-The qanun has twenty-six sets of three strings, which span the gamut of three and a half octaves (going up to a re on top, and down to a sol at the bottom). There are seven strings to the octave.
-Most strings on the instrument I played were nylon, except the lowest four sets, which were metal.
-For each set of three strings, on the left near the tuning pegs, are five metal switches. These allow the player to effectively shorten the length of each set of strings to raise the pitch and obtain different scales. If all switches are off, the pitch is a double flat (i.e., unison with the string below it).
-As Rajab pointed out to me, the five switches per string allow the instrument to be tuned to Arabic scales involving quarter tones.
Strings are plucked or strummed with the fingers of both hands. The player attaches a plectrum to each forefinger, but all fingers can be used. The right hand should move only up and down, parallel to the bridge, but the left hand should move left and right as well, following the length of the strings.
I told Rajab about my musical background, and he suggested I just poke around a bit on the thing and try to play something. He had tuned the qanun to a major scale, so I started picking out Burt Bacharach’s “The Man Who Shot Liberty Valence,” which has perhaps a slightly ambitious range for a first time player. When he saw I was merely hunting around for notes, he reigned me in to “Twinkle, Twinkle, Little Star,” and after a bit we moved on to the traditional East African tune “Malaika (Angel)” (I first heard this tune when I recorded the Mungano National Choir of Kenya’s performance at St. Olaf College in 1996 or so, but I have no idea if it’s Kenyan or Tanzanian or what, and I don’t care to enter the debate; we’ve picked up on a bit of Kenya/Tanzania rivalry during our travels).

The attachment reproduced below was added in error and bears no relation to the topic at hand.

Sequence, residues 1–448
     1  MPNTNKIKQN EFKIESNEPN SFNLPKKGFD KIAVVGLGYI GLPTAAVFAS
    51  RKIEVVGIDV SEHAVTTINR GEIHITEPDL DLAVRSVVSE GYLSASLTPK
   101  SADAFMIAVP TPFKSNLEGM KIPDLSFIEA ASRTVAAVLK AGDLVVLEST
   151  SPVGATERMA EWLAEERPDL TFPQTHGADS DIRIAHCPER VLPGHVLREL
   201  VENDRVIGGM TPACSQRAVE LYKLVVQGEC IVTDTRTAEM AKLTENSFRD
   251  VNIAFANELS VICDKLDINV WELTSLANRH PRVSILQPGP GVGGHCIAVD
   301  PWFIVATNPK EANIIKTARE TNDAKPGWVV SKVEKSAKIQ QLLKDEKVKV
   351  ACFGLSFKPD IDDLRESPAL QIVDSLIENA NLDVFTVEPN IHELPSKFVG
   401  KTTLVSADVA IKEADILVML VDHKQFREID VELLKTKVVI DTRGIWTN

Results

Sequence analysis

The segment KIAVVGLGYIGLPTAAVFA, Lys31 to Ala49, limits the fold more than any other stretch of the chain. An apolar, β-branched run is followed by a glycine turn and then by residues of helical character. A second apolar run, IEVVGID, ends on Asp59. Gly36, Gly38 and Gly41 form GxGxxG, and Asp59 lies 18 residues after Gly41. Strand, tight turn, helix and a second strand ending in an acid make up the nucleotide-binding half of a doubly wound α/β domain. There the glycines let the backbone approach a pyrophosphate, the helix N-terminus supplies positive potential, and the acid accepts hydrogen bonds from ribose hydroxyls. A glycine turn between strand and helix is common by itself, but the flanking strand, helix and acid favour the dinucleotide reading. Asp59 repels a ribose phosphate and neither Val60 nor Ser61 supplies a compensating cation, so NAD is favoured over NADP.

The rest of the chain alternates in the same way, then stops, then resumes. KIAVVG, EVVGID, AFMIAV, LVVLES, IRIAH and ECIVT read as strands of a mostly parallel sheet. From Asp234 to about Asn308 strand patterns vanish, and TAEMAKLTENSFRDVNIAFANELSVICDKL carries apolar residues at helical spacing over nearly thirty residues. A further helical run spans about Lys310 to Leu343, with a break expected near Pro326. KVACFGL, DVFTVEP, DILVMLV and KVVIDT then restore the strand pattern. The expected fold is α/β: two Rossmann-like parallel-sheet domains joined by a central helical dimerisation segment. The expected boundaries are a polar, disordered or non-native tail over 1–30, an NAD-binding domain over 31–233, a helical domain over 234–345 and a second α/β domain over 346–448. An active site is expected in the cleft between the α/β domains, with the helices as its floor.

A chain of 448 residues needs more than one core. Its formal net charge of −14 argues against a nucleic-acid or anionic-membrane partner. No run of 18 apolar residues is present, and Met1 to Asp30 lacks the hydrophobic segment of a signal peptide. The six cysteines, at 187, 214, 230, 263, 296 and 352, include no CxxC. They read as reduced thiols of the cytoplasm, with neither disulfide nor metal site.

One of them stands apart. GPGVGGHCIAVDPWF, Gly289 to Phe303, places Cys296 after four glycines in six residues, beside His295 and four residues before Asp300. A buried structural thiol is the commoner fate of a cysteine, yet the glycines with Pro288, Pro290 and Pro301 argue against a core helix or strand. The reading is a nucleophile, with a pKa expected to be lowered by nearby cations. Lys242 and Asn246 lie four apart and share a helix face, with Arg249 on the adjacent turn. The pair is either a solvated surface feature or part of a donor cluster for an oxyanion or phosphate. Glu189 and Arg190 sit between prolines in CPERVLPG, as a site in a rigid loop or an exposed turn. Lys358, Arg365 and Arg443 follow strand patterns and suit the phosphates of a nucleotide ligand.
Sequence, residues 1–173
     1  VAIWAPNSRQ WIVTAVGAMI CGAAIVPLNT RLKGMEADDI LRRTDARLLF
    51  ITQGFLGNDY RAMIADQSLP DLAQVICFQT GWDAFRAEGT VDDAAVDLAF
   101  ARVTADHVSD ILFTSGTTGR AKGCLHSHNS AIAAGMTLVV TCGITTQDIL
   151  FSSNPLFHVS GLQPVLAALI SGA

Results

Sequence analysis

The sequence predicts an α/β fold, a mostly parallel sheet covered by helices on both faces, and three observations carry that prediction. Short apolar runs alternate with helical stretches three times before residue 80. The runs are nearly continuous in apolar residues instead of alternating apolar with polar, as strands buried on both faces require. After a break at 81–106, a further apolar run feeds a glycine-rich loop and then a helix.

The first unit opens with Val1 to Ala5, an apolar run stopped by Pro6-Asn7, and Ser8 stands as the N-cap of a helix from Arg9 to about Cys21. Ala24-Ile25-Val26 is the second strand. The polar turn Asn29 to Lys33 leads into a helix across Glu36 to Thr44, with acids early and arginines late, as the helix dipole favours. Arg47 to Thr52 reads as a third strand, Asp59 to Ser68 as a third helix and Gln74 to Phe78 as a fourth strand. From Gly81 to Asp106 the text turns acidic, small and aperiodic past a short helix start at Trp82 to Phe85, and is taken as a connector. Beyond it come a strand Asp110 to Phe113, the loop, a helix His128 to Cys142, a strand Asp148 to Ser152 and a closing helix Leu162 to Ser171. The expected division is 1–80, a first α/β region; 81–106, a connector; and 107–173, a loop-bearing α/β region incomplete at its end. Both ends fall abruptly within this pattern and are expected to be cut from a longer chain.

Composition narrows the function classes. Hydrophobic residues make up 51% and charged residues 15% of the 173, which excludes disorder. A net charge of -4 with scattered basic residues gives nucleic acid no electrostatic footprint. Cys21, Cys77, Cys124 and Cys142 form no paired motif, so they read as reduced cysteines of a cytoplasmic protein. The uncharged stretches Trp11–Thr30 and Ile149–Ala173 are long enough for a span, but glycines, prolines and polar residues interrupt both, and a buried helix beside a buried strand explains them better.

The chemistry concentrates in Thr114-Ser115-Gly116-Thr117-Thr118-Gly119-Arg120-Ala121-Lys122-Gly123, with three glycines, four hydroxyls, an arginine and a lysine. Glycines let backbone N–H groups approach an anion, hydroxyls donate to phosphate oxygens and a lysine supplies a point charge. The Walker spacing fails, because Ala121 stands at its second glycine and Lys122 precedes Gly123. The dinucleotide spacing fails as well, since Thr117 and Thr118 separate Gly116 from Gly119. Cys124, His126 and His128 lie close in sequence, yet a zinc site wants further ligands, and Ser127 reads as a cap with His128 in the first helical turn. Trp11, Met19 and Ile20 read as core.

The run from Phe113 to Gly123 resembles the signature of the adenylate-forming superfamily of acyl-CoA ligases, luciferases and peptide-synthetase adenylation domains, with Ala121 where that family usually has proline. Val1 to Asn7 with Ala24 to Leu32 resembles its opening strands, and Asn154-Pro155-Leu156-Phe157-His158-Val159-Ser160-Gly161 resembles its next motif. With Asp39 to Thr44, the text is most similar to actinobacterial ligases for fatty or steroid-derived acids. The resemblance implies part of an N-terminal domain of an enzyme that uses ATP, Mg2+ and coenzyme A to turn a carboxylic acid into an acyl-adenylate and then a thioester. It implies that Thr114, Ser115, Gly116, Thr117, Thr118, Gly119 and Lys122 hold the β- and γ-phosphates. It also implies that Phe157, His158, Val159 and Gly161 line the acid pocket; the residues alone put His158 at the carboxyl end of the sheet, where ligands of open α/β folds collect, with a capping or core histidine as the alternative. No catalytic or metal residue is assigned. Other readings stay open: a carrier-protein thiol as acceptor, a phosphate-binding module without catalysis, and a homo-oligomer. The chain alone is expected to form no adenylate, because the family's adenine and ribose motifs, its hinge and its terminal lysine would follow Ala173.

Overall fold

Towards the end of my lesson, Rajab asked if I’d like to just hear what the thing could do, which is what I was hoping for, and he let her rip. Melodies doubled at the octave, chords, arpeggiated patterns, he was all over the soundboard, and the density of sound was really amazing. Tremolos were very effective, plucking the same set of strings repeatedly with one or more fingers. To bend tones he would occasionally push down on the string on the far side of the bridge, similar to how Chinese guzheng players bend their tones. I asked if he ever played harmonics on the strings, and he said seldom.
I was amazed to realize that all of the metal tuning switches could be manipulated on the fly with great facility, which means the qanun is not just a diatonic instrument, but really should be considered to have thirty-five tones per octave (six tones per string, although some are enharmonics), all readily accessible. I guess I shouldn’t have been so surprised; this is not so different from what Western harpists, for example, do with their pedals. But to see the agility with which he flicked those switches while playing, not only to obtain notes out of the diatonic scale, but also flicking back and forth for trills, was really breathtaking.
An excellent way to spend an afternoon, at the Dhow Countries Music Academy, along the waterfront in Zanzibar’s Stone Town, learning a thing or two about Zanzibari music. In my book, that’s the kind of thing that makes a good vacation!